8. Be Available
Beyond just the time itself, you need to be available. This one is also for both designers and testers, since the whole crux of the relationship is a two-way conversation, and both sides need to be here for it. Does that mean we need to be glued to our phones? Possibly! Testing is often on short deadlines, things can change fast, and you need to read everything. So making yourself available is part of the time commitment you need to make. Conversely, don’t get hanged up too much if you don’t get an answer back immediately. We all have lives – children, pets, partners – , we all need food and sleep, and we all work in different time zones. So try your best to be available, but make sure you’ve also set your boundaries. #worklifebalance
9. Be Open
The space between a designer and their pattern testers is supposed to be safe. If it’s not, get out! It is a space for everyone to be honest, to provide constructive criticism and support. Applaud each other, keep your words kind, be specific in your questions and suggestions, and most importantly, be open to what this space may bring. I don’t mean that in just being open to what others say, but also open to friendships and opportunities and future collaborations. You never know what pattern testing may bring!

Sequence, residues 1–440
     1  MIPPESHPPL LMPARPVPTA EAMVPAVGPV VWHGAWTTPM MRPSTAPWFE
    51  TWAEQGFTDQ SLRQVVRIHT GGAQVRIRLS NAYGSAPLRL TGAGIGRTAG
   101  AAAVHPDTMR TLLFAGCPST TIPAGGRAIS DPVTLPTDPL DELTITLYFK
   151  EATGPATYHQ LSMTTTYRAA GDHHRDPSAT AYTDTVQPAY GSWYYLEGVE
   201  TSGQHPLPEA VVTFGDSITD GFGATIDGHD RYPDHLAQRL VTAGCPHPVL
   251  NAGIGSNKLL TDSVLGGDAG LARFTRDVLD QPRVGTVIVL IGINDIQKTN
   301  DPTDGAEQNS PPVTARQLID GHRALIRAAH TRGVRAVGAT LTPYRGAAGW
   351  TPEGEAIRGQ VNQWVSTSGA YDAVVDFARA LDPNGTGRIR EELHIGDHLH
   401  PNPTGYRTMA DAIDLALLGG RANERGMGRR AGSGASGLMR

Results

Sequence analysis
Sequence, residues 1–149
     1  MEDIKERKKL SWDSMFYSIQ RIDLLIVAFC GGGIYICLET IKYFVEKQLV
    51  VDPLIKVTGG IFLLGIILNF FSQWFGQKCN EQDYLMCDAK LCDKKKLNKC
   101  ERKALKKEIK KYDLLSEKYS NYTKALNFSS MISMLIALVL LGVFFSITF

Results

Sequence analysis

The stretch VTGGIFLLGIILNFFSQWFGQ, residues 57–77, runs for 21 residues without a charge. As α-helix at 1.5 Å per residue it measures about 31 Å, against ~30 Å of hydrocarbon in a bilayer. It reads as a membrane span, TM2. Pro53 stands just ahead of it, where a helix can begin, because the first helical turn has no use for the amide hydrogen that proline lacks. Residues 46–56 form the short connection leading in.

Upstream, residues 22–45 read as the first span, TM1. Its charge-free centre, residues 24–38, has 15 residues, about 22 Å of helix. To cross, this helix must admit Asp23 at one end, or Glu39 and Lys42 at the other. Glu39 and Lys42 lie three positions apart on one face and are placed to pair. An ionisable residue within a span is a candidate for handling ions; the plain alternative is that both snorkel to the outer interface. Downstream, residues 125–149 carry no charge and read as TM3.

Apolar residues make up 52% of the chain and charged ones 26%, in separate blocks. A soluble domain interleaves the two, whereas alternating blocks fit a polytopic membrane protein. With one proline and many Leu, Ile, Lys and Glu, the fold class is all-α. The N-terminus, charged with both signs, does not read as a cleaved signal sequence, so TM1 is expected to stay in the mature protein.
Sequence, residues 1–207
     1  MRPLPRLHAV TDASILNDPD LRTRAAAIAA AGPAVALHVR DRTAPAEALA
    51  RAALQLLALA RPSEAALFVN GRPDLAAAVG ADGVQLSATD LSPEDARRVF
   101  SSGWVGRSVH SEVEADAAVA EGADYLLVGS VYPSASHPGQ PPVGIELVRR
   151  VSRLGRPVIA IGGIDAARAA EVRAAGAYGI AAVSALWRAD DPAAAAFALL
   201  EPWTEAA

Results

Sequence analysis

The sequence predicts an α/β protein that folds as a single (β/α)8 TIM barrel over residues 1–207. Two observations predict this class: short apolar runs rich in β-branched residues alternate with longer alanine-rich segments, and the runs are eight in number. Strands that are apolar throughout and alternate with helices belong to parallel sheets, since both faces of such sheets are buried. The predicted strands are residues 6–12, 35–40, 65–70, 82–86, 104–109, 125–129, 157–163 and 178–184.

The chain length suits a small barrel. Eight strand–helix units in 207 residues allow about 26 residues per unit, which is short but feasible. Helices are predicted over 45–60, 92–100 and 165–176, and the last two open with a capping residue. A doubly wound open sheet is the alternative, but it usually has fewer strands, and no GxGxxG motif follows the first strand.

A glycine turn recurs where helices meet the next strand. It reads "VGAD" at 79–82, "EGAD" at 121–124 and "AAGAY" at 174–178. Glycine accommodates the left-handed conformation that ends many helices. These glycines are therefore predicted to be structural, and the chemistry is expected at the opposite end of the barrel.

10. Don’t Be Discouraged
Here’s another tip that’s applicable for everyone, because everyone fails. Some people do not get chosen to be a pattern tester, or even a part of a tester pool. Some people don’t get the responses, notes, photos, or sales they were hoping for. What do we do? We start again at the top of this list and see what else we can improve – in our communication skills, in setting expectations, in taking photographs, in committing our time, in being social. And then we try again with a new project, and better yet, new yarn!
I hope this list was useful if you’re thinking about looking for pattern testers or becoming a pattern tester for someone else. Although it’s a great way to get eyes on your project, and a great way to try out a new pattern with lots of support, it’s not for everyone. I would never have considered this while juggling a full time job because I knew I wouldn’t be able to put in the time and effort this relationship requires. But times change, and knowing the potential and pitfalls of pattern testing gets you ready for any opportunities that may come your way!